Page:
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Examples of research activities in physical modeling with Trio_U
 Large-eddy simulation (LES) in single-phase flows: issues and research topics

The large-eddy simulation approach (LES or SGE in French) proposes an intermediate way between averaged approaches RANS and direct simulation DNS.

Unlike the RANS approach, LES gives access to fluctuating quantities without requiring the resolution of all spatio-temporal scales, as for DNS; the effect of small non-resolved scaled (“filtered” scales) on the resolved ones have to be modeled.

Since modeling is based on the assumption of isotropy for the smallest resolved scales (Smagorinsky model, WALE, structure-function ...), this should require the use of very refined meshes.

In industrial applications and despite the use of multi-million element meshes, this last criterion cannot be fulfiled near walls where flows are locally strongly anisotropic.

As a consequence, at the walls, where turbulence is produced and small coherent structures called streaks are generated (see figure), the mesh-cells are much larger than these structures.

The “universal” character of LES models being inappropriate to correctly resolve the flow in the near-wall region in such conditions, a specific wall-modeling has to be employed to reproduce the local effect of the wall-turbulence on the rest of the flow: this specific modelling is called wall functions.

Wall functions in single-phase LES

 Research in numerical simulation of flows with interfaces

At the smallest scale, a two-phase flow is made of phases separated by moving interfaces. The direct numerical simulation of such flows consists in simulating all the scales in time and space of the flow. In particular, all the inclusions (bubbles or droplets) of the flow are accounted for individually. In contrast to the numerical simulation of single-phase flows, the main difficulty deals with the numerical tracking of the moving interfaces. Several numerical methods are dedicated to such a numerical tracking. Among them, two are more particularly studied and developed within the Trio_U project: the diffuse-interface method and the « Front-Tracking » method. Whatever the method, the goal is to have at our disposal a method that is accurate and efficient in the sense that it must allow to simulate complex flows with several inclusions.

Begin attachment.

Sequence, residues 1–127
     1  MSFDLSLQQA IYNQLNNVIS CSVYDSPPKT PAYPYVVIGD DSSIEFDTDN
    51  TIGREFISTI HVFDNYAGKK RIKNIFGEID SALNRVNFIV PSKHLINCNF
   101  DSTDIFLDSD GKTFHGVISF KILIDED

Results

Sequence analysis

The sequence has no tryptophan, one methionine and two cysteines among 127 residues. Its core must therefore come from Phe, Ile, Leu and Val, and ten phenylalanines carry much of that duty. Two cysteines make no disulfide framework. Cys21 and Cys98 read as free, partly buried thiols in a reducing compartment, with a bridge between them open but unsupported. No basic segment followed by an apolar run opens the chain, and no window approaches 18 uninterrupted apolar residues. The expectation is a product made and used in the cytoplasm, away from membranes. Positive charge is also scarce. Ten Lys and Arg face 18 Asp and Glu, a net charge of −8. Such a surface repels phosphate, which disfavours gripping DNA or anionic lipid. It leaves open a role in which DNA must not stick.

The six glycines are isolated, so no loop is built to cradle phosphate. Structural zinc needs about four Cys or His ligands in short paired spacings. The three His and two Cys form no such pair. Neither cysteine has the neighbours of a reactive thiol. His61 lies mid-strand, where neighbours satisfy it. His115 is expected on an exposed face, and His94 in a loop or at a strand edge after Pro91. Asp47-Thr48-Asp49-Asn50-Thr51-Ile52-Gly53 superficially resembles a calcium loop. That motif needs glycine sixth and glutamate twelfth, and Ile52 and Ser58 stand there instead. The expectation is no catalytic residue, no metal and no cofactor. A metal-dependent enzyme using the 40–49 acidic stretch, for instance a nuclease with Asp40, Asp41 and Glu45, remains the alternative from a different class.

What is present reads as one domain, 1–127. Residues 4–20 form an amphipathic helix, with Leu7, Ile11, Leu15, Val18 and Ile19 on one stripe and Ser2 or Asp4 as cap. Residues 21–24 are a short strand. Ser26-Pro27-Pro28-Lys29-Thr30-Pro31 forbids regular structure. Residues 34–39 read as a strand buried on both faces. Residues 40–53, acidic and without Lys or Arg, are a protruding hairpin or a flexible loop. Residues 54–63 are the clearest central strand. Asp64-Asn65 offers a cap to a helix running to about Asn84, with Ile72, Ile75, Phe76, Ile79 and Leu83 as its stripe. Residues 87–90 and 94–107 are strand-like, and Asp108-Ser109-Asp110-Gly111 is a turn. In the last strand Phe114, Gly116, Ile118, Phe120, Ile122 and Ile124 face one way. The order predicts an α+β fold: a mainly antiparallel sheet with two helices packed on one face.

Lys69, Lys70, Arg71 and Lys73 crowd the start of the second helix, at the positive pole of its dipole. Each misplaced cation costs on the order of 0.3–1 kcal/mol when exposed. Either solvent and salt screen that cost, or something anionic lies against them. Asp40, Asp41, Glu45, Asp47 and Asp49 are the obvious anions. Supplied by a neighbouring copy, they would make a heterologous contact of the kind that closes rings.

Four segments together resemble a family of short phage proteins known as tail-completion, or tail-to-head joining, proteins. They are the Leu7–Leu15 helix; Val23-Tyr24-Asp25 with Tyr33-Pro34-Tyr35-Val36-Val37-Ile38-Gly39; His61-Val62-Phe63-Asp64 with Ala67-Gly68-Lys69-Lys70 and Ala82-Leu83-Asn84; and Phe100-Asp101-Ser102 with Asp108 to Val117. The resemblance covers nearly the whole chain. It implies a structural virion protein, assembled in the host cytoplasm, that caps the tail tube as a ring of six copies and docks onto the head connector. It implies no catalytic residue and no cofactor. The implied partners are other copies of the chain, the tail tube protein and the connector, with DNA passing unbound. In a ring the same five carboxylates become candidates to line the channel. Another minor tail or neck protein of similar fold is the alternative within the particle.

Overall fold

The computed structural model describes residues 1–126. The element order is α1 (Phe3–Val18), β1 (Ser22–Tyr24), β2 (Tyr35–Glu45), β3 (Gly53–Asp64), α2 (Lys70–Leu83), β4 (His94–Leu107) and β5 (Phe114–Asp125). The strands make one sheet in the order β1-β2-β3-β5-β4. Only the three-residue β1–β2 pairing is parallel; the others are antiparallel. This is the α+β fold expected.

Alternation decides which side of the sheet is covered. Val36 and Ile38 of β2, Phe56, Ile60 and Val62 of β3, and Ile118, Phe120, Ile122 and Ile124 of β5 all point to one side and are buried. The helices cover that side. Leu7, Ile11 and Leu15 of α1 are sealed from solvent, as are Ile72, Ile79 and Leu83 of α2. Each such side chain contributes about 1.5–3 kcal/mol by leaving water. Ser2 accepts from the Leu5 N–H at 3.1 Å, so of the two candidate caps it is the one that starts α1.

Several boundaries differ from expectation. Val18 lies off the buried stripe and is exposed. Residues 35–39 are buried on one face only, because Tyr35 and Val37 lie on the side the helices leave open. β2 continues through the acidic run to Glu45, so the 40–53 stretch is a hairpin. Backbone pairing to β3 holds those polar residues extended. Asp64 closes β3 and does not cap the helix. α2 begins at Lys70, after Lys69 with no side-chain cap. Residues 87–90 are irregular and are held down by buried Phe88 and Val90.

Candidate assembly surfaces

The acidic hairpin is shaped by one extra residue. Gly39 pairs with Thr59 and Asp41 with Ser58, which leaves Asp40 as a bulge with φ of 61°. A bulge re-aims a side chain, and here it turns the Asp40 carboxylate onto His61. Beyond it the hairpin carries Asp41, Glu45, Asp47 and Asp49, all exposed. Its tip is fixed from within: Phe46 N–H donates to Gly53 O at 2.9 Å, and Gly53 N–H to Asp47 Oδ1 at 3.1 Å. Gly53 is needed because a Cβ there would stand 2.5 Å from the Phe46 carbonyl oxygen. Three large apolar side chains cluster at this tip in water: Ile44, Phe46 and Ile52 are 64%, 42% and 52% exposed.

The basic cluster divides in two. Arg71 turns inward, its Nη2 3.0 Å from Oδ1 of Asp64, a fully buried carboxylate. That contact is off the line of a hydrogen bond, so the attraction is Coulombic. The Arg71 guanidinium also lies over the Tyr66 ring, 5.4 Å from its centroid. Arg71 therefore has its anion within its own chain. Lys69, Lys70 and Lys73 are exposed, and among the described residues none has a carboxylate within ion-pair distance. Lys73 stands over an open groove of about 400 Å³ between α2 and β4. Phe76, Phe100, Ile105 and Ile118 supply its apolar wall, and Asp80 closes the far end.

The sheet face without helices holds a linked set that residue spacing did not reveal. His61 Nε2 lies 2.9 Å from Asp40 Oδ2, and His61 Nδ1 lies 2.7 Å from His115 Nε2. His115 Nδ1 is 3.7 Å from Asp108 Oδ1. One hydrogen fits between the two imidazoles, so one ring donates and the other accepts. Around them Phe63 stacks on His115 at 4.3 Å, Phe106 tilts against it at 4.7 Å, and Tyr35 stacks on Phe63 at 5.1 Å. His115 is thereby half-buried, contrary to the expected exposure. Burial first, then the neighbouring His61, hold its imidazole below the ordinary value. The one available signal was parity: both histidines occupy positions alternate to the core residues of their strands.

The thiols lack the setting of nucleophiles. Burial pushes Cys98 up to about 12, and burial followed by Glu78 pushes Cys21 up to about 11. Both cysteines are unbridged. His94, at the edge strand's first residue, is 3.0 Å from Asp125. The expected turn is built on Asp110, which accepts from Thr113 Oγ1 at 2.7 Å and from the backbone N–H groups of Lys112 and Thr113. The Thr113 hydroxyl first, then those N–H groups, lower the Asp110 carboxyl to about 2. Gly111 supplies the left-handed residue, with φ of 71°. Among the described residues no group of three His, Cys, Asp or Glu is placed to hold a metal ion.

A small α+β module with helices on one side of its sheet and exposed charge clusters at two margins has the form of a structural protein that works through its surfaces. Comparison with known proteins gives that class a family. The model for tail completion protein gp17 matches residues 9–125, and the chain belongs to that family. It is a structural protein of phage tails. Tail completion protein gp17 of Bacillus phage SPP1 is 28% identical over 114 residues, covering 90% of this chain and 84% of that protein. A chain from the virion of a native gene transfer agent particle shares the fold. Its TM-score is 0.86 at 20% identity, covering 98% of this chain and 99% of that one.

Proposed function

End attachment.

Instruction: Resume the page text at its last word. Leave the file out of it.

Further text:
This constraint is related to our goal to get information that is of industrial interest. Indeed, the development of direct numerical simulation methods is part of a long-term multi-scale modeling approach of two-phase flows. The only two-phase flow models that can be used to study industrial applications are averaged models (in space, in time or statistically). Like any other averaged model, they must be closed. The determination of these closures is very important, in particular in complex physical situations such as boiling at high heat flux. The direct numerical simulation is a tool that is particularly attractive in this regard because it allows to have access to all the local information necessary to the validation or development of closure relations of the averaged models.

In this perspective, the main research topics consist in developing efficient numerical methods and, thanks to them, studying and modeling, on the one hand, the interactions between interfaces and turbulence and, on the other hand, flows with liquid-vapor phase-change.

Simulation of flows with interfaces

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